It’s On Us Takes on Campus Sexual Assault

Ashira Morris / September 29, 2017

As the sexual violence prevention campaign turns three, students lead the charge

Sexual violence is an issue that no college campus can ignore. But for too long, it has not received the acknowledgment or accountability it warrants. The It’s On Us campaign hopes to change that by widening the responsibility for changing the culture around sexual assault to include the whole campus community. The full slogan, “it’s on us to stop sexual assault” has an expansive definition of “us” that encompasses not only students, but professors, community leaders, parents, and administrators.

“Unfortunately, sexual assault on campus has been an issue that has been the burden of survivors alone,” said Rebecca Kaplan, the founding director of It’s On Us. “We need to lessen that burden through education, bystander intervention, and other efforts that give survivors the support they need.”

Kaplan’s perspective comes from personal experience. Her best friend was sexually assaulted during their freshman year in college. And while she remembers her suffering through victim- blaming and isolation, Kaplan was not equipped to help her in any significant way.

“When she came forward, I wasn’t educated on how to be a supportive friend and had no idea what her options were,” Kaplan said. “The education level for bystanders and friends was so different from what it is now. It was important to me to be a part of a movement that supports survivors and educates all of us on how to be a part of the solution to end sexual violence.”

Addressing sexual assault, particularly on college campuses, was one of the Obama administration’s most prominent domestic policy initiatives. In 2011, the Department of Education’s Office of Civil Rights issued the “Dear Colleague” letter, a pointed reminder that upholding Title IX requirements meant schools were responsible for responding to sexual violence on their campuses. Since then, the administration opened civil rights investigations at over 100 colleges. In January of 2014, the White House convened a task force to look into campus sexual assault and come up with recommendations to prevent it.

The resulting report emphasized the importance of engaging the whole community in the conversation to end sexual violence. It also noted that to ensure prevention, it was crucial to create a change in campus culture.
To address both, It’s On Us was created. The public awareness campaign aimed to “fundamentally shift” how the country thinks about sexual assault.

“As far as we’ve come,our society still does not sufficiently value women,” said Obama at the September 2014 campaign launch. “We still don’t condemn sexual assault as loudly as we should. We make excuses. We look the other way.”

For the one in five women and one in 16 men who are statistically projected to experience sexual violence before graduation, that loud condemnation can make coming forward about their experience a little easier.

Much of the cloudiness around sexual assault statistics stems from the fact that it is one of the least-reported crimes. A Washington Post-Kaiser Family Foundation poll found that although three-fourths of victims told someone about the assault, only 11 percent told the police or college authorities.

Reporting sexual assault is no simple task. It’s complicated by stigma and shame, fear that the police will be dismissive or worse, paralysis of action after the assault.

For survivors of sexual assault, It’s On Us sends a strong message: you are not alone.

Samantha Skaller had been assaulted the fall of her sophomore year at Syracuse University, before leaving for a spring semester abroad in France, but did not report the assault at the time. While she was away, a friend reached out and shared that she had also been sexually assaulted. Over the course of the conversation, they realized they had been raped by the same person, and that he had sexually assaulted two other mutual friends.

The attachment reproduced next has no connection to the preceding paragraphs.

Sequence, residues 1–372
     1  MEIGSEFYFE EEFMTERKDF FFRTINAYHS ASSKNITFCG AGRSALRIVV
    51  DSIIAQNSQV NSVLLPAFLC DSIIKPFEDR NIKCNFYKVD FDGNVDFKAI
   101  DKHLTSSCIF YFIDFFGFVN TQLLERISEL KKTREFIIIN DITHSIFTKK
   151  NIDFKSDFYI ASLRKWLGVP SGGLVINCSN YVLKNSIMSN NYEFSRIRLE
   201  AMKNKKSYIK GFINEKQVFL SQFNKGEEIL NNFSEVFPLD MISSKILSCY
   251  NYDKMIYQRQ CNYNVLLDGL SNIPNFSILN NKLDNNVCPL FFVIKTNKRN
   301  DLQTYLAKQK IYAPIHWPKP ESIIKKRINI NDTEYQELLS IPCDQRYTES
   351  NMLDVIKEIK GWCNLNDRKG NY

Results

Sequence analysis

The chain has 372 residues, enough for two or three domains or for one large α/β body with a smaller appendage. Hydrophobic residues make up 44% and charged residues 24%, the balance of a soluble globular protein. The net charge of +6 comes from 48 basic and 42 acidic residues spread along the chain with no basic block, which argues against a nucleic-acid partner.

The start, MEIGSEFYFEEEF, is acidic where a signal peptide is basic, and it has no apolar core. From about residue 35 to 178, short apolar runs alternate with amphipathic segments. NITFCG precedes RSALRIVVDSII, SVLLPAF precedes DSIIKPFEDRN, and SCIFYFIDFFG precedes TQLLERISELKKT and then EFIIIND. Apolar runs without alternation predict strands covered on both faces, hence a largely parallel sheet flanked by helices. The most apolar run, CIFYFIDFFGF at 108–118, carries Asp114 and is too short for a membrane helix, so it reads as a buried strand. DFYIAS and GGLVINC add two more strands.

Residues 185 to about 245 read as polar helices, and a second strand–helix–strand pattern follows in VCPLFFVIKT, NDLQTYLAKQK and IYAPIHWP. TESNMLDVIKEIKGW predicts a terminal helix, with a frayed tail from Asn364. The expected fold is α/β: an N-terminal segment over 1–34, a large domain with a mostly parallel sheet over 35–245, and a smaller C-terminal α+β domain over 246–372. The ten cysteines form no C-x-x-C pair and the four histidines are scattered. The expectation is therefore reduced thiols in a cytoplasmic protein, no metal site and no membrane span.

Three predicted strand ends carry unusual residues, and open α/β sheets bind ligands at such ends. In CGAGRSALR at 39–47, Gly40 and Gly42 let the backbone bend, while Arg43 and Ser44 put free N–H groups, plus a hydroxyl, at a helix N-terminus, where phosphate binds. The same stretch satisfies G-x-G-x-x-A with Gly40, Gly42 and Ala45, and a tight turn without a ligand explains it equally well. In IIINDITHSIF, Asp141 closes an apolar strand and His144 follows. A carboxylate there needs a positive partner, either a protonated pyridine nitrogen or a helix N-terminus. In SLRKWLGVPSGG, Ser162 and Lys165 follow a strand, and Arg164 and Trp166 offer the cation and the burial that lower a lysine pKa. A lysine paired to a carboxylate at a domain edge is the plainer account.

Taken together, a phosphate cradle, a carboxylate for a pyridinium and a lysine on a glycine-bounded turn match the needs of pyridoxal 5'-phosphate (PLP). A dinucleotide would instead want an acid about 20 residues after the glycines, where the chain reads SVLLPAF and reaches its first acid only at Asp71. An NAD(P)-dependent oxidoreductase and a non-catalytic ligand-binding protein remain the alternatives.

“I decided enough was enough,” Skaller said. She reported him the next day.

But her brave action did not end the way she had hoped. The investigation was over by the time she was back on campus for the fall of her junior year. Her case was dismissed, with all charges dropped.

Fueled by the decision, Skaller was determined to advocate around sexual assault prevention. She was unsure where to start when she came across an application for It’s On Us Student Advisory Committee, one of the pillars of the It’s on Us campaign.

In October of 2015, Skaller became one of the 17 inaugural committee members. Her appointment led to two years of strong activism on Syracuse’s campus. She spoke to every student organization about sexual assault prevention, including nontraditional partners, like athletics teams and fraternity houses, reaching students who might not seek education on their own. She gave presentations an average of 10 times a week during her upperclassman years at Syracuse.

“It’s On Us completely changed my life,” Skaller, now a graduate student at McGill University, said. “It gave me a voice when I didn’t think I deserved a voice.”

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It’s On Us originally consisted of highly produced videos and a call to action to sign a pledge online, committing to being a part of the solution. Organizations with national media reach like the NCAA and Viacom Media, whose television network includes MTV, BET, and CMT, signed on as partners for the launch. Nearly 200 university student body presidents also supported the organization from the beginning. Through these partnerships, the first PSA videos reached audiences through televised college sports events, MTV spot ads, and campus events. The original Hollywood headliners and White House backing would later help students get campaigns off the ground on their own campuses.

In the video that kicked off the campaign, celebrities including Kerry Washington, Jon Hamm, and Common face the camera head-on wearing It’s On Us t-shirts and hoodies. They take turns finishing each other’s sentences: “It’s on us” “to get in the way before it happens.” “It’s on us” “to not blame the victim.”